Mrs. Aiken argues that Dix Fork is distinguishable because both the mining company and the supposed agent were sued there, while only Mr. Aiken was sued here. We do not see why this should make a difference. In any event, the statute authorizes the Attorney General to sue a "permittee or his agent;" the use of the disjunctive "or" suggests that suing one is not a prerequisite to suing the other. It is surely significant, moreover, that while the Aiken Mining Company was not incorporated in Kentucky until August 24, 1979, as the record shows, the Secretary of the Interior first took note of the violations of the Act on July 2, 1979. No corporation existed for at least part of the time that the violations were occurring.
Mrs. Aiken argues that the judgment against Mr. Aiken should be set aside because his illness at the time of the suit compelled a finding of "excusable neglect." A determination on this issue will not be disturbed on appeal, however, unless the trial court has abused its discretion. Marshall v. Monroe Sons, 615 F.2d 1156, 1160 (6th Cir. 1980); H.K. Porter Co. v. Goodyear Tire Rubber Co., 536 F.2d 1115, 1119 (6th Cir. 1976).
In support of her theory of excusable neglect, Mrs. Aiken points to a letter, dated June 26, 1984, from Mr. Aiken's physician, stating that Mr. Aiken had been under a physician's care "for many months." But the default judgment and the permanent injunction had been entered over two months earlier, on April 17 and 19, respectively. the letter does not adequately prove that Mr. Aiken's failure to make any response in the seven months prior to entry of the default judgment was due to his illness. Mr. Aiken apparently had retained counsel at least as early as February or March of 1982. The district court did not abuse its discretion in denying the motion. See Adams v. J.W. Jones Construction Company, 703 F.2d 483 (10th Cir. 1983) (where party failed to submit affidavit that his failure to comply with discovery was due to medical reasons, denial of Rule 60(b) motion for relief from judgment was proper).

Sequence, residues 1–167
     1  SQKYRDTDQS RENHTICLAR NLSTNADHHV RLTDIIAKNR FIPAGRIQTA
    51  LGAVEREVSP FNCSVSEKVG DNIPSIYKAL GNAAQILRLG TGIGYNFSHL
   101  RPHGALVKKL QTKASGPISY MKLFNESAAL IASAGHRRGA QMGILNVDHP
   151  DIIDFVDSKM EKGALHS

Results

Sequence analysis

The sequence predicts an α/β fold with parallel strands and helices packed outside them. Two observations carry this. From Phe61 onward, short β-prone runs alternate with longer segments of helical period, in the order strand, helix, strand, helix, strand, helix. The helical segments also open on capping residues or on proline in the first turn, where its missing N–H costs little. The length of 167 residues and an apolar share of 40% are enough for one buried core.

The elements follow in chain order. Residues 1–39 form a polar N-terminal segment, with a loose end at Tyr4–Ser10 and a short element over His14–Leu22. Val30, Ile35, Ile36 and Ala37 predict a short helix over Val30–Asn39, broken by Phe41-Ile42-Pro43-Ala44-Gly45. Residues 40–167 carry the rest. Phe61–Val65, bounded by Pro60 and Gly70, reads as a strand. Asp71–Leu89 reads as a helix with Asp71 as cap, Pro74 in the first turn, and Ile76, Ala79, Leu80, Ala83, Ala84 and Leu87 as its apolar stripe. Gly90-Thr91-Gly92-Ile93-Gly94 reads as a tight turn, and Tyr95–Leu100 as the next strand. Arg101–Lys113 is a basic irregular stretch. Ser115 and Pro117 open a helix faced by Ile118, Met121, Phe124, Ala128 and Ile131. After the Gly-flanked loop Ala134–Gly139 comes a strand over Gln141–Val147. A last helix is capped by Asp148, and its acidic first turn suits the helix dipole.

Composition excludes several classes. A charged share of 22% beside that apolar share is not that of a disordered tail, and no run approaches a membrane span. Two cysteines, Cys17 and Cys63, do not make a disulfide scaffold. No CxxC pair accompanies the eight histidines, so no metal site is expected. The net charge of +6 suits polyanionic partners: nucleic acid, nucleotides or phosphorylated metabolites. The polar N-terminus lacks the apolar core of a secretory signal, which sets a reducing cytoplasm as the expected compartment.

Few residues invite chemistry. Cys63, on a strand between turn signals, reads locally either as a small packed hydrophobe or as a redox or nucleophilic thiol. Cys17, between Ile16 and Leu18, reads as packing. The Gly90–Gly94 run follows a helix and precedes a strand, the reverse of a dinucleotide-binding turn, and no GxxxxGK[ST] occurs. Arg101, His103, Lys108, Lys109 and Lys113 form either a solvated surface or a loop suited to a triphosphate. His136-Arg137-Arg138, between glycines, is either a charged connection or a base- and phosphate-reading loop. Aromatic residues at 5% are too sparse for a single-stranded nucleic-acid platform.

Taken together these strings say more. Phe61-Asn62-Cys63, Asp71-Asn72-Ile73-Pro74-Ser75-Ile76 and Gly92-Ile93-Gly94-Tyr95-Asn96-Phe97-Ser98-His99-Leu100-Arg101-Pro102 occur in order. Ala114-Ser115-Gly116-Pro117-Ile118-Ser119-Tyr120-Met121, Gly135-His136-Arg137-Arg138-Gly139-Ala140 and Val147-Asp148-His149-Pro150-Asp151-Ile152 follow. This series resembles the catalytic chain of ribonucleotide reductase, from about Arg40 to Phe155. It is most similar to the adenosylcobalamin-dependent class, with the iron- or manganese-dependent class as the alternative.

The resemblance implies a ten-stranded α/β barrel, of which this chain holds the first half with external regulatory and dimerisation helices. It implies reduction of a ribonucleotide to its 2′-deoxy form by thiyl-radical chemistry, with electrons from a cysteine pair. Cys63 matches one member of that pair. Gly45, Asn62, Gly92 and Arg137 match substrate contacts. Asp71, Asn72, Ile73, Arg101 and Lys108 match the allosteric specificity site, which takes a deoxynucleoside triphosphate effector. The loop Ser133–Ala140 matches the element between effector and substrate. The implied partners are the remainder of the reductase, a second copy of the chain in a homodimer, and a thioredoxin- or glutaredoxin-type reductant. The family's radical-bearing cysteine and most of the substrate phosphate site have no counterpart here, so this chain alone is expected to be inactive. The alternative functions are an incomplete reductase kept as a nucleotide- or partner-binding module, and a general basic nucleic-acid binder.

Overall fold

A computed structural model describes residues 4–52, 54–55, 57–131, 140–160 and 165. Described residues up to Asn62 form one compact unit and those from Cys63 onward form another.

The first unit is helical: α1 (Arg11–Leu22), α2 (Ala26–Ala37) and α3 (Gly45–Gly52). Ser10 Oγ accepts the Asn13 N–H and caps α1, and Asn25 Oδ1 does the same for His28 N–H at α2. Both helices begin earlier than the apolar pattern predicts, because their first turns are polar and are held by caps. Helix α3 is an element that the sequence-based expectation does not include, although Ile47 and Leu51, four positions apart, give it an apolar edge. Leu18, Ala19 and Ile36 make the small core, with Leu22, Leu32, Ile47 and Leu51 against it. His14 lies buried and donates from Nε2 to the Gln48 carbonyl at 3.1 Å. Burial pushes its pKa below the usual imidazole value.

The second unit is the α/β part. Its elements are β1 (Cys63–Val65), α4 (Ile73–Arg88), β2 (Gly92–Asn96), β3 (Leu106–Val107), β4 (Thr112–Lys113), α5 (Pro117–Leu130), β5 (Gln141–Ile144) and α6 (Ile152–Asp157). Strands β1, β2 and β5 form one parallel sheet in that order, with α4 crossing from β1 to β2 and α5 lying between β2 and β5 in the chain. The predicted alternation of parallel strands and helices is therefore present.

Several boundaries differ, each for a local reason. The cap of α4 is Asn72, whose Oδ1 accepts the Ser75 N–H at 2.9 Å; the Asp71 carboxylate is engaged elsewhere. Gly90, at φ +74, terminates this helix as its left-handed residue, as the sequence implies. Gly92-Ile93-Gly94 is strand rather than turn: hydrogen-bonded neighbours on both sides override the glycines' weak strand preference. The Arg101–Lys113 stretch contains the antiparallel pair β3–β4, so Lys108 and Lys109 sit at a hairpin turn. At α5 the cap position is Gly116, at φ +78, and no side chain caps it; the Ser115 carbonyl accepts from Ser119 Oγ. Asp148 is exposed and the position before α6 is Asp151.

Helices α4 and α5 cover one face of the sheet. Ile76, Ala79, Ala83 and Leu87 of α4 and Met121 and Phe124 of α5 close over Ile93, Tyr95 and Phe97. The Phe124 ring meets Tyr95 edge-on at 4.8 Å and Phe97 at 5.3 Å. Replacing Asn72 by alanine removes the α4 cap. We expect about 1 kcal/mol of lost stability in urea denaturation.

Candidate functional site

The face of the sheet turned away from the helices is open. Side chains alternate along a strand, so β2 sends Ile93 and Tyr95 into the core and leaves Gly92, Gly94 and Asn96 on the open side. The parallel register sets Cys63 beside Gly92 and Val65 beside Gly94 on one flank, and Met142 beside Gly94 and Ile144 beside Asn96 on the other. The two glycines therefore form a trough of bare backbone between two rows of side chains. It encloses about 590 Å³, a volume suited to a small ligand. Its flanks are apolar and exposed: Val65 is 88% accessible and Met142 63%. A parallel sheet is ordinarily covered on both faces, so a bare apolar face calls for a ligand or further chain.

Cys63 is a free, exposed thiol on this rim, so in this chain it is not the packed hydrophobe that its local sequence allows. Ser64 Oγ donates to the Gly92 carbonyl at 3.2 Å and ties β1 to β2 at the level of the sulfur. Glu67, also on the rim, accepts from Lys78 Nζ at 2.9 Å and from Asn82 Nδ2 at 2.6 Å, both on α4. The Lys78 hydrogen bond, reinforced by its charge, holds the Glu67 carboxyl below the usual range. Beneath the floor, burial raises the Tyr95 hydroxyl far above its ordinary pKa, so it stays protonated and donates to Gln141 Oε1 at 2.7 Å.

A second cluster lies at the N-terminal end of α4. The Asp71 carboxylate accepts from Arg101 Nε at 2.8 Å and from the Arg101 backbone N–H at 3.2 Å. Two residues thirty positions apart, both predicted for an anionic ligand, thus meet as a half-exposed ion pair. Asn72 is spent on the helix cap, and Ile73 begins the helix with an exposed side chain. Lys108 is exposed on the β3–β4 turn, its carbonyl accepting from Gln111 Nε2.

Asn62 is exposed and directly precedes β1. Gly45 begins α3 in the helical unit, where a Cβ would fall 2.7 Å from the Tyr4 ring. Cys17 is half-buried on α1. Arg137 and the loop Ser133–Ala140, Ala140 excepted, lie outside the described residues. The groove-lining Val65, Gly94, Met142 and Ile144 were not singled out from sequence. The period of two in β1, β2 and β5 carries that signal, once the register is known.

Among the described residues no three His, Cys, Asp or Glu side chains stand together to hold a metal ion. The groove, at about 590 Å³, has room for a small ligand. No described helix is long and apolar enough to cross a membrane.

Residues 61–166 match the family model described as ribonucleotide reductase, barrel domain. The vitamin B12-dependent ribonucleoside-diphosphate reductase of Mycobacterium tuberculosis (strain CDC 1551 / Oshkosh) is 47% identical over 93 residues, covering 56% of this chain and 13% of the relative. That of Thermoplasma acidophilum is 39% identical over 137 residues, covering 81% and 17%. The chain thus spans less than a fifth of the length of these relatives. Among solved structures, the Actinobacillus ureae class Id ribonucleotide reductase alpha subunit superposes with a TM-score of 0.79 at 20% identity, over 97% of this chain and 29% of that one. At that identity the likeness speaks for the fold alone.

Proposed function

Mrs. Aiken's final argument is that the action is barred by the statute of limitations. She argues that because the Act itself prescribes no limitations period, the court must look to Kentucky law. She points to K.R.S. 413.120, which establishes a five-year limitations period for actions upon liabilities created by statute and actions for a penalty or forfeiture. Mrs. Aiken says that the present cause of action accrued on July 2, 1979, when the first Interior Department inspection occurred, and she points out that she was not added as a party defendant until March 14, 1985, more than five years later.
Whether or not the Kentucky statute fixes the limitations period, there is no bar because no action was commenced on March 14, 1985. As executrix of the estate of a party to the original action, Mrs. Aiken was simply substituted for that party. The action against Mr. Aiken was timely under any theory, and the substitution was not affected in any way by the statute of limitations.
The judgment of the district court is AFFIRMED.